Notes and Editorial Reviews
Franz Schreker (1878-1934) is one of the many late romantic German and Austrian composers who became victims of the Nazi purge on 'degenerate art'. Schreker came in for abuse mostly because of some Jewish roots in his family and a penchant for lurid subject matter in his most famous operas. Musically, his operas are no more radical than Strauss' Elektra. But whereas Strauss retreated into a sort of polite neo-classicism tinged with Wagner in his later years, Schreker stayed a basically late-romantic expressionist and this expressionist aspect doomed his music. Der Ferne Klang debuted in 1912 in Frankfurt and launched Schreker into the top rank of composers of his time. The same year he was appointed to the faculty of the Vienna Academy of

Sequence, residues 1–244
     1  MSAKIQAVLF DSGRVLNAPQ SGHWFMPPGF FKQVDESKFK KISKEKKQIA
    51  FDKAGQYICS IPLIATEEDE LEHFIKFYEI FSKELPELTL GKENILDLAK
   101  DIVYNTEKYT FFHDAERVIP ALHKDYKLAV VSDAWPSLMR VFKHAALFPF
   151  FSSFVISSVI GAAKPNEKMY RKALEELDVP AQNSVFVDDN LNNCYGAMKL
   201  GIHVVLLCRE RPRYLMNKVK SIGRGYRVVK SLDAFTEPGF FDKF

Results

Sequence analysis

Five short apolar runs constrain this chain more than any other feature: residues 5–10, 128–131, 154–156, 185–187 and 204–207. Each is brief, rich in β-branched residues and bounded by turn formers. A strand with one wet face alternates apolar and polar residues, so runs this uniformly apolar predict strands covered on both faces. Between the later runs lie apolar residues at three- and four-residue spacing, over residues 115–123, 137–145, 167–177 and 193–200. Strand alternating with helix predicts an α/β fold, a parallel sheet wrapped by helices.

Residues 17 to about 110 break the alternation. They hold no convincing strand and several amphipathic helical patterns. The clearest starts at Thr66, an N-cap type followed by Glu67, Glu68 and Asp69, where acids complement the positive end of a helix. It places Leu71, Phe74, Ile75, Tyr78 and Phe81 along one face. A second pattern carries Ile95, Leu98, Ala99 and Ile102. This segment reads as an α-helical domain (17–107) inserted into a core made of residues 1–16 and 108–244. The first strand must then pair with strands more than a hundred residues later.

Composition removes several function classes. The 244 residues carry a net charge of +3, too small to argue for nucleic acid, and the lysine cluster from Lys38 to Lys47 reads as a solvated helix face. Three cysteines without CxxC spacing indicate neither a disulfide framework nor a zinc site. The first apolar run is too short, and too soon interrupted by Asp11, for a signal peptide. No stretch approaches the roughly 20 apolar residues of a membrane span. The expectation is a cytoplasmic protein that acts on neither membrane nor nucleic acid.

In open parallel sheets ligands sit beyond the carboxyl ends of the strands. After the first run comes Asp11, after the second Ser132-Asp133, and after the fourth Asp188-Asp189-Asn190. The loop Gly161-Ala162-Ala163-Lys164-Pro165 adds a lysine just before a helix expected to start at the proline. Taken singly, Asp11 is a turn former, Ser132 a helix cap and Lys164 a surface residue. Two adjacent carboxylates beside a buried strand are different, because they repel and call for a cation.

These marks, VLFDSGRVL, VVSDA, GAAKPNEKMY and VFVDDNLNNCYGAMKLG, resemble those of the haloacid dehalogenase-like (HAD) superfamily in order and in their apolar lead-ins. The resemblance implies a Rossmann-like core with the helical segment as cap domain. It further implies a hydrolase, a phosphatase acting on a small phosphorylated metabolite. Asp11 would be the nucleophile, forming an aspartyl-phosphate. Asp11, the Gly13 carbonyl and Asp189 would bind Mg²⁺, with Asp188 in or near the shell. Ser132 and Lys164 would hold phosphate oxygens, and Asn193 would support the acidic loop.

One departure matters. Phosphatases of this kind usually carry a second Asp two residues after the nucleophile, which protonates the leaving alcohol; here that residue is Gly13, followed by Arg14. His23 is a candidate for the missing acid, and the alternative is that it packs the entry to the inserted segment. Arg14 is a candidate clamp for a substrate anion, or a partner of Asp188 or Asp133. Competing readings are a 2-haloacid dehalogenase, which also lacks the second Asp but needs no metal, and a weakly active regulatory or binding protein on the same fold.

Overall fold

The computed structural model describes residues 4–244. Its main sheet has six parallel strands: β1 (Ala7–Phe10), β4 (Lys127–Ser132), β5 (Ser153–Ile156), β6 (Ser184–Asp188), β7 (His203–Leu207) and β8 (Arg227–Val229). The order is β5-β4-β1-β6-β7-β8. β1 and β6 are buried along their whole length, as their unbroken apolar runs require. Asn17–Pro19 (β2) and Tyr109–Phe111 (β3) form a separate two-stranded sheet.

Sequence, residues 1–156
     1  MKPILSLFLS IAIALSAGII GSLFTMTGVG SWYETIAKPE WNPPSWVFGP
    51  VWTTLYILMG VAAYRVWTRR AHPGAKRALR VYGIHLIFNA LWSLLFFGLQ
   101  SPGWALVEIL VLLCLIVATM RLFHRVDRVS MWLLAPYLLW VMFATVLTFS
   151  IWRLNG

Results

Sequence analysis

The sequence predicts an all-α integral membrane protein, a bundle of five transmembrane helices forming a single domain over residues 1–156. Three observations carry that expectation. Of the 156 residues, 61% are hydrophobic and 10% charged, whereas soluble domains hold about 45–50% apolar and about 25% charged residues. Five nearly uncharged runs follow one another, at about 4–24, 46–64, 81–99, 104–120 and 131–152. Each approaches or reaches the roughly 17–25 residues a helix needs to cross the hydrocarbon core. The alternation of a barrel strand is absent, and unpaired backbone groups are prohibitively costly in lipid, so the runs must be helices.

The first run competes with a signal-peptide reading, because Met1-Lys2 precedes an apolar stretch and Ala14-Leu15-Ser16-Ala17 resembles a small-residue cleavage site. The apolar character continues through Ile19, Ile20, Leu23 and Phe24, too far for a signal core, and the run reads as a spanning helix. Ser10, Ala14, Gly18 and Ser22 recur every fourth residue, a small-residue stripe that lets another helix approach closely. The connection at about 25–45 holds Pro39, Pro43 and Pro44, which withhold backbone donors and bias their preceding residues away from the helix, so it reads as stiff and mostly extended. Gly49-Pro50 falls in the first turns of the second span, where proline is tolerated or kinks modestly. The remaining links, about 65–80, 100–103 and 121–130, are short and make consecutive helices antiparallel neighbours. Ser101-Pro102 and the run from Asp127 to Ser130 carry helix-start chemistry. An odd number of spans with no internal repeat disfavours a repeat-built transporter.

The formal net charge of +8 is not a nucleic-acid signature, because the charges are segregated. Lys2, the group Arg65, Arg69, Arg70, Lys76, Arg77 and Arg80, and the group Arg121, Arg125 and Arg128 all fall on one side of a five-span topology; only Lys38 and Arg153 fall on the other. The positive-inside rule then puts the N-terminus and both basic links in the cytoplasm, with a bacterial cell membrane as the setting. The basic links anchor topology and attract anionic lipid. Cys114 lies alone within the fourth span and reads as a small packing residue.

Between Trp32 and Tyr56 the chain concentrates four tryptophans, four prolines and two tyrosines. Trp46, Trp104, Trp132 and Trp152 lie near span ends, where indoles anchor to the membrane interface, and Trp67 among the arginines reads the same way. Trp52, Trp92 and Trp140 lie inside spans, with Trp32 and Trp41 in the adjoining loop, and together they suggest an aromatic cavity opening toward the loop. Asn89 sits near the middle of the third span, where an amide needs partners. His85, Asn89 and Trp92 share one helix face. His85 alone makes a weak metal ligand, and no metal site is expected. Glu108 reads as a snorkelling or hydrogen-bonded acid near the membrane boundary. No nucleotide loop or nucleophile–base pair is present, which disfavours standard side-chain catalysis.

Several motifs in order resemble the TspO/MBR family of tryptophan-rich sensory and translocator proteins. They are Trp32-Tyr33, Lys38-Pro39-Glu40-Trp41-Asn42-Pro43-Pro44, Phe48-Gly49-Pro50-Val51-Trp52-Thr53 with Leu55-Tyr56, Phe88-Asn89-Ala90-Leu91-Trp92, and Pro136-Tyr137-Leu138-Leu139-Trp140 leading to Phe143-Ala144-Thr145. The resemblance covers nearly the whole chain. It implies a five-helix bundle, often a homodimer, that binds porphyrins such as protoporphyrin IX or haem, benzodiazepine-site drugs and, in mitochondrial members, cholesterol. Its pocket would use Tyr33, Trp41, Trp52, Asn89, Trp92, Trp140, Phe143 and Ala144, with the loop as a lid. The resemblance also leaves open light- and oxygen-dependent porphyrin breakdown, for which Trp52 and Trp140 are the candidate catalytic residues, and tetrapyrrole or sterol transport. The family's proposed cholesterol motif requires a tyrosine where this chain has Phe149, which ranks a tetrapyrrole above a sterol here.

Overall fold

Music in the areas of counterpoint, harmony, and composition. The plot involves an artist who abandons his fiancé to go in search of 'the distant sound' which will allow him to produce the perfect work of art. As the opera progresses, the main character, Fritz, leads a life of gradually increasing desolation and eventually dies. On his death bed he finally hears "Der ferne Klang". The score is in fine expressionist mode, though basically tonal. Schreker was one of the most brilliant orchestrators of the early 20th century. The present recording arises out of highly acclaimed live performances of the opera given in the Augsburg Opera House (Germany) in spring 2010. Read less
Works on This Recording
Der Ferne Klang, opera in 3 acts by Franz Schreker
Length: 4 Minutes 14 Secs.
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